Disarranging Mine

Wednesday, August 14, 2002, 7:41 p.m.

I didn't get fired today. And I didn't suffer any ire from my boss. He was in a jolly good mood all day. Whew!

From the What Up With Monster Law Firms Department. Today's Cnet News.com has an article entitled Godzilla vs. the blog thing:

The letter, sent by U.S. law firm Seyfarth Shaw on behalf of Japanese retail and entertainment company Toho, claims that Dave Linabury's Web site Davezilla infringes on Toho's Godzilla trademark both in name and in its lizardlike mascot.

Seyfarth Shaw declined to comment.

This is a grand example of ridiculosity on several fronts.

What is a trademark? Simply stated, according to this web site at Harvard Law School:

A trademark is a word, symbol, or phrase, used to identify a particular manufacturer or seller's products and distinguish them from the products of another. 15 U.S.C. §1127. For example, the trademark "Nike," along with the Nike "swoosh," identify the shoes made by Nike and distinguish them from shoes made by other companies (e.g. Reebok or Adidas). Similarly, the trademark "Coca-Cola" distinguishes the brown-colored soda water of one particular manufacturer from the brown-colored soda of another (e.g. Pepsi).

What constitutes trademark infringement? Reading further, we learn:

If a party owns the rights to a particular trademark, that party can sue subsequent parties for trademark infringement. 15 U.S.C. §§1114, 1125. The standard is "likelihood of confusion." To be more specific, the use of a trademark in connection with the sale of a good constitutes infringement if it is likely to cause consumer confusion as to the source of those goods or as to the sponsorship or approval of such goods. In deciding whether consumers are likely to be confused, the courts will typically look to a number of factors, including: (1) the strength of the mark; (2) the proximity of the goods; (3) the similarity of the marks; (4) evidence of actual confusion; (5) the similarity of marketing channels used; (6) the degree of caution exercised by the typical purchaser; (7) the defendant's intent. Polaroid Corp. v. Polarad Elect. Corp., 287 F.2d 492 (2d Cir.), cert. denied, 368 U.S. 820 (1961).

Go to Dave's web site and let me know if you're confused. I'm not. Nor was I confused when I (regrettably) downloaded Gozilla. I won't even discuss that wonderful technology called Mozilla presently being brought to us by another corporate monster.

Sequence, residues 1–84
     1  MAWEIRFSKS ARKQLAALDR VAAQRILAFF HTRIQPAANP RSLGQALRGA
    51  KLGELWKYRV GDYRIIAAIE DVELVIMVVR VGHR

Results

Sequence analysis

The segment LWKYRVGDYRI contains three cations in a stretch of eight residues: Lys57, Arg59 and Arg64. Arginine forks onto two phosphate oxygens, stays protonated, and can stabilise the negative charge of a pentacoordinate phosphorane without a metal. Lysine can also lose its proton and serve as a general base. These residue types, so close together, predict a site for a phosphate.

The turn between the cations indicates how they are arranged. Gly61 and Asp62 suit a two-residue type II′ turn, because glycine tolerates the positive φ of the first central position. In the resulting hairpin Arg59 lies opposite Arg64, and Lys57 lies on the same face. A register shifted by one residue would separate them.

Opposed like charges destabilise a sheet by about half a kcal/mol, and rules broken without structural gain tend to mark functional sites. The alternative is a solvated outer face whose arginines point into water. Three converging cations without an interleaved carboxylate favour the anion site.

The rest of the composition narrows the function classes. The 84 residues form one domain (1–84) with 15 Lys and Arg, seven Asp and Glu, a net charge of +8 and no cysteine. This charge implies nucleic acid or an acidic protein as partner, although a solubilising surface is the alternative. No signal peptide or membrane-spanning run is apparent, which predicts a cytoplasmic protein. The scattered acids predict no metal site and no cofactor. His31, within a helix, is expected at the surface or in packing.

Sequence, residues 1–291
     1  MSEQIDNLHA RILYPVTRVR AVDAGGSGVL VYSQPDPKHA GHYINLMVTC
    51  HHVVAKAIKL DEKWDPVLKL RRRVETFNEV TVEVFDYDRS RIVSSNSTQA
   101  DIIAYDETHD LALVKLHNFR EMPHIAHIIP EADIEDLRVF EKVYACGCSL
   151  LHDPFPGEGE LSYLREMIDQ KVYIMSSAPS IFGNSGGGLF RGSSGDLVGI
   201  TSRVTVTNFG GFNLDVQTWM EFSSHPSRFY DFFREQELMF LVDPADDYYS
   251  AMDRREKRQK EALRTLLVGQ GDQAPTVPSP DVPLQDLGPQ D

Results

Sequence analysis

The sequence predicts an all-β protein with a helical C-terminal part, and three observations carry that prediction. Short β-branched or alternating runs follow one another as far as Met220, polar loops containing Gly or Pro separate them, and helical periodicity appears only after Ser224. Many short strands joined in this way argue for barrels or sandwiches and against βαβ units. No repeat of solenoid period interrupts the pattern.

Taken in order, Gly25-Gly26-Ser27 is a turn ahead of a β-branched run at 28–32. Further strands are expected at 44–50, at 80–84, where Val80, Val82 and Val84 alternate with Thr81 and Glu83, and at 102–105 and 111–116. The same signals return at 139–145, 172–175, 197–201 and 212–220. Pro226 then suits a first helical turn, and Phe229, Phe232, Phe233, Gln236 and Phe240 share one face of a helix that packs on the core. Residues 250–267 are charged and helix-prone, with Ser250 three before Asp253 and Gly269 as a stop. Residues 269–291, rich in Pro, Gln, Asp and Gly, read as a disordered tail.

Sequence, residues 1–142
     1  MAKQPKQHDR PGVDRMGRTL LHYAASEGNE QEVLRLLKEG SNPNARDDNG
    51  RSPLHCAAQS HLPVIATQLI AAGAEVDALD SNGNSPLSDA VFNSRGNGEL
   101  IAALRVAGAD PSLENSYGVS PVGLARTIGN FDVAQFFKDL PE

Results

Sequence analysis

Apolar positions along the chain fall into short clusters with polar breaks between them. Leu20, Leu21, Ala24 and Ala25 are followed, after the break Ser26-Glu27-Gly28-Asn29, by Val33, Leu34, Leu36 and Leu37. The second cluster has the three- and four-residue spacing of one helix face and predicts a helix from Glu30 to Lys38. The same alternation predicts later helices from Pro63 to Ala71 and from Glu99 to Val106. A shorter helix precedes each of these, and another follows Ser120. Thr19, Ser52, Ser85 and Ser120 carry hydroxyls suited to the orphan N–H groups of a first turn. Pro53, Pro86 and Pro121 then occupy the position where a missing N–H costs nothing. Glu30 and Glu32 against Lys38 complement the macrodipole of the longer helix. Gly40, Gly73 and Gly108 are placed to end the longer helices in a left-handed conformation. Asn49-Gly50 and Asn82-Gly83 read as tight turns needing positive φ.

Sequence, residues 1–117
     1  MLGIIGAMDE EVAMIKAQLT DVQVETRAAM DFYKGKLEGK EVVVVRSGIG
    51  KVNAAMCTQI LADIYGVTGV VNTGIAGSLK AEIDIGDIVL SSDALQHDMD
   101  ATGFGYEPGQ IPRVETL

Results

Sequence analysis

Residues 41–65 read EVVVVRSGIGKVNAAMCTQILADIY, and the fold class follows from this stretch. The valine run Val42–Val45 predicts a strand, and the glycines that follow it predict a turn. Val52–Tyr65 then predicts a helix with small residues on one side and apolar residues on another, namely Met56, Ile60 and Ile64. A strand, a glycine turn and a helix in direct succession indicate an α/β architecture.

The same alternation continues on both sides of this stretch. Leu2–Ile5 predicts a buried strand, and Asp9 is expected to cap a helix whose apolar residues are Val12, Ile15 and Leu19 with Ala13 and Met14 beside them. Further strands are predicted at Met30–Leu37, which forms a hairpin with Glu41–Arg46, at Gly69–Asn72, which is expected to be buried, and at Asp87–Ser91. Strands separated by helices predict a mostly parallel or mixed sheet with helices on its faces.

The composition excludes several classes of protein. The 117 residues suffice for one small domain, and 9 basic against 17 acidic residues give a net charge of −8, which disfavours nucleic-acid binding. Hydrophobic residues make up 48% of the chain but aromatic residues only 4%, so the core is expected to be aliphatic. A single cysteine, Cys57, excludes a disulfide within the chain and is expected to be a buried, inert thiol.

To me, while not the bigger aspect of this whole Zilla issue, the more fascinating aspect is the legal advice the owner of the Godzilla trademark is getting from their American Lawyers. Why wouldn't Seyfarth Shaw lay it on the table for Toho? Why wouldn't Seyfarth Shaw just tell Toho that Dave's web site in no way constitutes trademark infringement? They certainly can't believe "Davezilla" crosses that line? Can they?

I'm disappointed. I recall Seyfarth Shaw from my days as a legal secretary in Chicago, but they had a much longer name then. It was a highly respected Chicago firm and probably still is, even if it is a little disconcerting to note that they've grown from three attorneys in Chicago to approximately 500 attorneys in nine offices throughout the United States and one in Brussels. Holy Smokes! Talk about monsters?

Okay. This is my observation from all my years working for lawyers. Say you think you've got a case. Could be anything. You Go to a lawyer, right? If it turns out that you don't have a very good case, one of three things might happen: (1) the lawyer tells you he'll take your case; (2) the lawyer tells you in the most civil of tones that he just doesn't have time to devote to your case and possibly pawns you off on another lawyer (the referral). Or, and this is the rarest of birds (legal eagles), the lawyer looks you straight in the eye and tells you the truth: sorry, you really don't have a very good case. Those are not necessarily verbatim, and there are other variables to consider. Just my observation.

Well, la-te-da. Ms. Jill A. Jacobs, the attorney who sent the cease and desist letter to Dave is located in Seyfarth's Los Angeles office. Uh huh. She's been out of law school since 1995, which puts her on the cusp of becoming a partner, assuming she's been with the firm since graduation. Anyway, you can't entirely blame her. You can bet she's not at the top of the totem pole on this. I'd like to think she tried to tell them that attempting to take down Davezilla will do more harm to their image than Davezilla ever could.

According to the Cnet article, AOL Time Warner has cut a deal with Toho for the use of "zilla." Aww. One thing to consider, if Dave is forced into litigation with Toho, it's quite possible that the terms of that deal could be revealed. I think. Not sure. Here's a wild speculation. Perhaps AOL Time Warner, in an effort to keep the terms of their deal secret, might pitch in in some way on behalf of Dave? Ya think? Nah.

catch your dreams before they slip away

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